add tax planning to the to-do list

DALLAS — At a time when most people are thinking about holiday plans, they also should be contemplating a less festive but still important subject — year-end tax planning.

The window of opportunity for many tax-saving moves closes Dec. 31. So set aside some time to evaluate your tax situation now, while there's time to affect your bottom line for the current tax year.

The failure of the special congressional super committee to reach a deficit-cutting agreement leaves many income-tax questions unanswered. But for tax planning for year-end 2011, it's pretty much business as usual, with a few twists.

"From the standpoint of year-end tax planning, this has developed into a boring year, which is actually in some ways good because it means there's nothing particularly exciting we need to do," said James Smith, managing director at the Dallas accounting firm Smith, Jackson, Boyer & Bovard PLCC.

Regardless of what Congress does, there are savings to be had by taking advantage of tax breaks before they expire at the end of this year:


Taxpayers have the option of deducting their state and local sales taxes instead of state and local income taxes. For states like Texas that don't have an income tax, this means cold cash for those who itemize their deductions.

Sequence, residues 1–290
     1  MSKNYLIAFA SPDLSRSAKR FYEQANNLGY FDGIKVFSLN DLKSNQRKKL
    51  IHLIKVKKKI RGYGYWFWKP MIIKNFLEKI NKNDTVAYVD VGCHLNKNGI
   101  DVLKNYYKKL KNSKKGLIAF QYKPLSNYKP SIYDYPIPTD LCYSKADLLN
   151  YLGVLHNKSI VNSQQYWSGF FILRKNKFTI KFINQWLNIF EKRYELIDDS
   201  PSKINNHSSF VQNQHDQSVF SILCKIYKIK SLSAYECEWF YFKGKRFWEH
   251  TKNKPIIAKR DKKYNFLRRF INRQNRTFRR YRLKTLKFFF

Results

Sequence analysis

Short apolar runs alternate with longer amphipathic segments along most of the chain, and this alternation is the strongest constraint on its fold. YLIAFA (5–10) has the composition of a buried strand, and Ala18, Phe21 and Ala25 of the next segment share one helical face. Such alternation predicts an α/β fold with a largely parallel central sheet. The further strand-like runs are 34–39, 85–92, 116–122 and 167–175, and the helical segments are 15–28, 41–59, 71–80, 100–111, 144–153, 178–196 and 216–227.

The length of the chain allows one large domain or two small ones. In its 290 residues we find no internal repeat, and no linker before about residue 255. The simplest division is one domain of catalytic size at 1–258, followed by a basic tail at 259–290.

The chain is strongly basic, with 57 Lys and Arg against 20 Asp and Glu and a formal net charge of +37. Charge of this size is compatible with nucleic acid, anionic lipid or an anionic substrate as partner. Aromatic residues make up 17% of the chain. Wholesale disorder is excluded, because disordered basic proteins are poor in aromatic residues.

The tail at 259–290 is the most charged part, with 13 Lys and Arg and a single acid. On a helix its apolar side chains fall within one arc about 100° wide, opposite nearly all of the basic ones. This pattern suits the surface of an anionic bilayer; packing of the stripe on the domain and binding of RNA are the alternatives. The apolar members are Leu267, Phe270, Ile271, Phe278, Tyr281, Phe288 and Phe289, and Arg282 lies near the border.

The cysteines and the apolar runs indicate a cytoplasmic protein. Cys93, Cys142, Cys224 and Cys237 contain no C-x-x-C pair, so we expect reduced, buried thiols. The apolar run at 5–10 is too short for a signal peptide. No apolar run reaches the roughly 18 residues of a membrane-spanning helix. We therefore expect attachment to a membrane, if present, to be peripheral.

So if you're planning any big-ticket purchases, consider making them before the end of the year so you can deduct the sales taxes. Be sure to keep receipts.

"Unless Congress acts, this election won't be available after 2011," Smith said.


If you're age 70½ or older, you may contribute up to $100,000 of IRA funds directly to one or more qualified charities. The trustee of the IRA must be the one to send the gift directly to the charity.

Although you can't deduct your contribution, your gift is excluded from income, so it doesn't raise taxes on Social Security or Medicare premiums.

The gift also can count as part or all of your yearly required minimum distribution.


Teachers may deduct up to $250 of any unreimbursed expenses they incurred for books, supplies, computer equipment — including related software and services — and other equipment and supplementary materials they use in the classroom.

The deduction is $500 if you and your spouse file a joint tax return and both of you are educators.

For courses in health and physical education, expenses must be for supplies related to athletics to qualify.


Taxpayers may deduct up to $4,000 for qualifying tuition expenses paid for you, your spouse or your dependents.

Qualifying expenses include tuition and mandatory enrollment fees to attend any accredited public or private institution above the high school level. You can't deduct:

■ Room and board; optional fees, such as for student health insurance; transportation; or other similar personal expenses.

■ Course-related books and supplies, unless you're required to buy them directly from the school.

■ Any course involving sports, games or hobbies, unless it's part of the degree program.


In general, if you itemize deductions, you may deduct premiums paid for mortgage insurance provided by private insurers, the Department of Veterans Affairs, the Federal Housing Administration or the Rural Housing Service.

The amount you may deduct is limited if your adjusted gross income is more than $100,000, or $50,000 if married and filing separately.

No deduction is allowed if your adjusted gross income is more than $109,000, or $54,500 if you're married and filing separately.